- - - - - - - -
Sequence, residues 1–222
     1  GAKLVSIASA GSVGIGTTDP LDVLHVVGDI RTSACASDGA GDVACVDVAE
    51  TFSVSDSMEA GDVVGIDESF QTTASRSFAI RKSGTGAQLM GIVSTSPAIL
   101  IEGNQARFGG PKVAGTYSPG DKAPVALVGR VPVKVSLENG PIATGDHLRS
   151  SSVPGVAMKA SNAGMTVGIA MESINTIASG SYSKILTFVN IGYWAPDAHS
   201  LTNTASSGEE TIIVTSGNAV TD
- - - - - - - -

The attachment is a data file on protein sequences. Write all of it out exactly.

Sequence, residues 1–222
     1  GAKLVSIASA GSVGIGTTDP LDVLHVVGDI RTSACASDGA GDVACVDVAE
    51  TFSVSDSMEA GDVVGIDESF QTTASRSFAI RKSGTGAQLM GIVSTSPAIL
   101  IEGNQARFGG PKVAGTYSPG DKAPVALVGR VPVKVSLENG PIATGDHLRS
   151  SSVPGVAMKA SNAGMTVGIA MESINTIASG SYSKILTFVN IGYWAPDAHS
   201  LTNTASSGEE TIIVTSGNAV TD